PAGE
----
Physicians propose far reaching Measures to reduce the global Impact of Alcohol on Health

Far reaching measures to help reduce the global impact of alcohol on health and society have been proposed by the World Medical Association.

They include the possible setting of a minimum legal purchase age, restricting hours or days of sale and the number of sales outlets, increasing alcohol taxes, and implementing effective measures to deal with alcohol impaired driving.

The WMA also proposes restricting the promotion, advertising and provision of alcohol to young people, work on reducing the harmful use of alcohol in the workplace, the promotion of evidence-based prevention strategies in schools, and screening patients for alcohol use disorders and at-risk drinking.

A statement approved by physicians from more than 40 countries meeting at the WMA's annual Assembly in Santiago, Chile warned: 'Regular alcohol consumption and binge drinking in adolescents can negatively affect school performance, increase participation in crime and adversely affect sexual performance and behaviour.'

It also warned that in recent years constraints on the production, mass marketing and patterns of consumption of alcohol had been weakened, resulting in the increased availability of alcohol and changes in drinking patterns across the world. This had created a global health problem which urgently required intervention.

The WMA statement said that alcohol use was deeply embedded in many societies. Some four per cent of the global burden of disease was attributable to alcohol, accounting for as much death and disability as tobacco or hypertension. Overall, there was a relationship between alcohol consumption and more than sixty types of disease and injury, including traffic fatalities.

'Alcohol advertising and promotion is rapidly expanding throughout the world and is increasingly sophisticated and carefully targeted, including to youth. It is aimed to attract, influence, and recruit new generations of potential drinkers despite industry codes of self-regulation that are widely ignored and often not enforced.'

The statement went on: 'Heavy drinkers and those with alcohol-related problems or alcohol dependence cause a significant share of the problems resulting from consumption. However, in most countries, the majority of alcohol-related problems in a population are associated with harmful or hazardous drinking by non-dependent "social" drinkers, particularly when intoxicated. This is particularly a problem of young people in many regions of the world who drink with the intent of becoming intoxicated.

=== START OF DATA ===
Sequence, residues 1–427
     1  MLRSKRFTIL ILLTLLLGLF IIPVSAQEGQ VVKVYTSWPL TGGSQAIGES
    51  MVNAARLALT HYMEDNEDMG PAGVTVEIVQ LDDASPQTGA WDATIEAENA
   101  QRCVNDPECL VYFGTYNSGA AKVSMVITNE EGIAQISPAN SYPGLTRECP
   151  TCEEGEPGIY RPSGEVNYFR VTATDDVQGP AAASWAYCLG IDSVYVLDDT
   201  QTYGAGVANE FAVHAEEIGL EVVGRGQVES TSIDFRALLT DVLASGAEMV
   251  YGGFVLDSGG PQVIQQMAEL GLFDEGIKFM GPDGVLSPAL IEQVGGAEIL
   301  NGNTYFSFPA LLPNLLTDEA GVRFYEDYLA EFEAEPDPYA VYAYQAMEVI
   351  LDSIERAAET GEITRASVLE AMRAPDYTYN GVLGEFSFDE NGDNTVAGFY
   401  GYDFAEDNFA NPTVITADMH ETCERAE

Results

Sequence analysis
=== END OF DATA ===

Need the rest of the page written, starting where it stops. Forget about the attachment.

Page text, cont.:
'Although research has found some limited positive health effects of low levels of alcohol consumption in some populations, this must be weighed against potential harm from consumption in those same populations as well as in the population as a whole.

'Thus, population-based approaches that affect the social drinking environment and the availability of alcoholic beverages are more effective than individual approaches, such as education, for preventing alcohol related problems and illness. Alcohol policies that affect drinking patterns by limiting access and by discouraging drinking by young people through setting a minimum legal purchasing age are especially likely to reduce harm. Laws to reduce permitted blood alcohol levels for drivers and to control the number of sales outlets have been effective in lowering alcohol problems.'

Dr Yoram Blachar, chairman of the WMA, said: 'We would now like to see a Framework Convention on Alcohol Control similar to that of the World Health Organisation Framework Convention on Tobacco Control that took effect earlier this year.'